Talented Players And High Expectations

Tennis Psychology

Living Up To High Expectations

Living up to the expectations of others has never helped a tennis player rise to the top.

When coaches and parents tell you that you are “naturally-gifted” and can be the next Nadal, Serena or Federer, it can cause you to feel a tremendous amount of pressure.

While these outside influences are attempting to compliment you, the pressure of those expectations will most likely produce negative results.

This weight of expectations can wear down the most talented tennis players leaving those players feeling mentally drained.

Under these mental conditions of high expectations and overwhelming pressure, a barrier forms between you and optimal play.

Lucas Pouille, who turned pro in 2013 at 19 years of age, is now understanding the importance of managing expectations.

Pouille has been compared to current ATP stars such as Roger Federer despite having a 1-8 Grand Slam tournament record.

Early in his career, Pouille found it difficult to live up to the hype and his performance suffered.

POUILLE: “[The pressure] used to play on my mind, especially a year and a half ago when everyone was saying ‘You’re the next French player’. It was tough for me to deal with it.”

When you try to live up to the hype and what others expect of you, it switches your focus from playing the game to worrying about the results–and what others think about your results.

For that reason, Pouille has dedicated a lot of time working on his mental game in 2016 and a big part of that mental work is managing expectations.

POUILLE: “We’ve been working on my mental strength. Sometimes I’m not able to play well because I put too much pressure on myself. I’m trying to be more relaxed and trying to focus on my game and trying to improve every day. Every time I’m on the court, I just think about my tennis and about improving. I think that’s made the difference between this year and last year.”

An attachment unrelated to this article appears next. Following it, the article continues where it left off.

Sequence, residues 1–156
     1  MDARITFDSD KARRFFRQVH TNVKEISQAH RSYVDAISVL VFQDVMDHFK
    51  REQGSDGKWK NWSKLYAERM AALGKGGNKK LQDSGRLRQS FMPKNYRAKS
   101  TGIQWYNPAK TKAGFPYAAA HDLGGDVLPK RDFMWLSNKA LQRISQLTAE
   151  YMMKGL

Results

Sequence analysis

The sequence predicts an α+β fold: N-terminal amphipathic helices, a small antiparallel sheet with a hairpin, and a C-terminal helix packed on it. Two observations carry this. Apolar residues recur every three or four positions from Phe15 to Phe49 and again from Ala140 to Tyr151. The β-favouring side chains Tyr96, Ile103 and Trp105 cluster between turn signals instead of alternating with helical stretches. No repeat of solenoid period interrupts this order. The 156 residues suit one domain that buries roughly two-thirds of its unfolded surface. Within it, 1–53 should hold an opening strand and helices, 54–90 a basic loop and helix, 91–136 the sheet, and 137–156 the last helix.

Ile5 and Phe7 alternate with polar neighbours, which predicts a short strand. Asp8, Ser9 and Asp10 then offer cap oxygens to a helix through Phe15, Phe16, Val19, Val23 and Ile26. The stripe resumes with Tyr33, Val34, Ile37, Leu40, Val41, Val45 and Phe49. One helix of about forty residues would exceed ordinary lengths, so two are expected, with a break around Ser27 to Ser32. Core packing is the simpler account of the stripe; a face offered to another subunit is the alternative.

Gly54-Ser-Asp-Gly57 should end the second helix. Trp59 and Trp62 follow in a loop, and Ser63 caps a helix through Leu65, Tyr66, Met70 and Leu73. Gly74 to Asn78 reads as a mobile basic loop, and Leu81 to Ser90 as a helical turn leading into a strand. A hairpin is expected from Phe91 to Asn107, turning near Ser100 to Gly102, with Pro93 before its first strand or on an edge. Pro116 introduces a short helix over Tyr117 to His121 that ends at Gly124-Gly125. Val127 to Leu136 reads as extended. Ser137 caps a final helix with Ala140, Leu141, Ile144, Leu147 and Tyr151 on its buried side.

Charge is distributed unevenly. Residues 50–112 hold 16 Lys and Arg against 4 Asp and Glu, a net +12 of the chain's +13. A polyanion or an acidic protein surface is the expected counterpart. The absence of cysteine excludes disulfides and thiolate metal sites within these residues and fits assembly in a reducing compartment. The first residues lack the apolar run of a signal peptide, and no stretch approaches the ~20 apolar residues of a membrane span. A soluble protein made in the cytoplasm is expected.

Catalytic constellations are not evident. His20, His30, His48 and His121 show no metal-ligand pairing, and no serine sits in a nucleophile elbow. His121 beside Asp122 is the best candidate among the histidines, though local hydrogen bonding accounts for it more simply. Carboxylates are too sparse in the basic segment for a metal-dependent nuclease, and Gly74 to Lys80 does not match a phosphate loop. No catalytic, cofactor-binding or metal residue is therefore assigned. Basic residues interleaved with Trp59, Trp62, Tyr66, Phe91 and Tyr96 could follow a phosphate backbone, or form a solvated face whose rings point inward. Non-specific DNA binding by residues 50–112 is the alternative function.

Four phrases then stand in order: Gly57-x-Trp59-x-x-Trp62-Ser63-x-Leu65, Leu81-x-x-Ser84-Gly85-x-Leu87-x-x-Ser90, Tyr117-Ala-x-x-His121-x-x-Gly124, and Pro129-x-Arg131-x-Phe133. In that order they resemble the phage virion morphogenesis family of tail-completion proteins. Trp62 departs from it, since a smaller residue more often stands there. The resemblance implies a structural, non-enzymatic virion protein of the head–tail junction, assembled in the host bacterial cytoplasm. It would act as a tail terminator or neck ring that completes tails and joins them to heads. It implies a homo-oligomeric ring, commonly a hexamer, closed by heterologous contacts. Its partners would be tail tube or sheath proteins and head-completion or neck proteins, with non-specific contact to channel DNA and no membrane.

Former tennis great Yannick Noah is working with Pouille and teaching him to stop thinking about mistakes and the outcomes of matches, and just focus his full attention on the current point he is playing.

POUILLE: “When I want to talk to Yannick, he says, ‘You’re always going to miss a lot of shots, but carry yourself and every time try to improve on every shot and just think about what you’re doing at the moment and not what the consequences are going to be.’”

Pouille’s improved mental game and focus has helped him jump up almost 40 places from No. 91… That is the power of a proper focus.

Try this tip to managing high expectations:

You need to understand the relationship between expectations and confidence. Not reaching high expectations can lead to anger, frustration and lower confidence.

Instead of judging your performance every shot or point–and if it meets your standards–you want to only focus on the next shot or point.

Walk on to the court and commit to not judging how you are playing.

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If you’re not performing up to your potential in matches, most likely your mental game is holding you back. Are you so frustrated with your performance you feel like giving up? Does your confidence evaporate when you play in tournaments? Are you tired of working hard in practice and not getting any results in matches?

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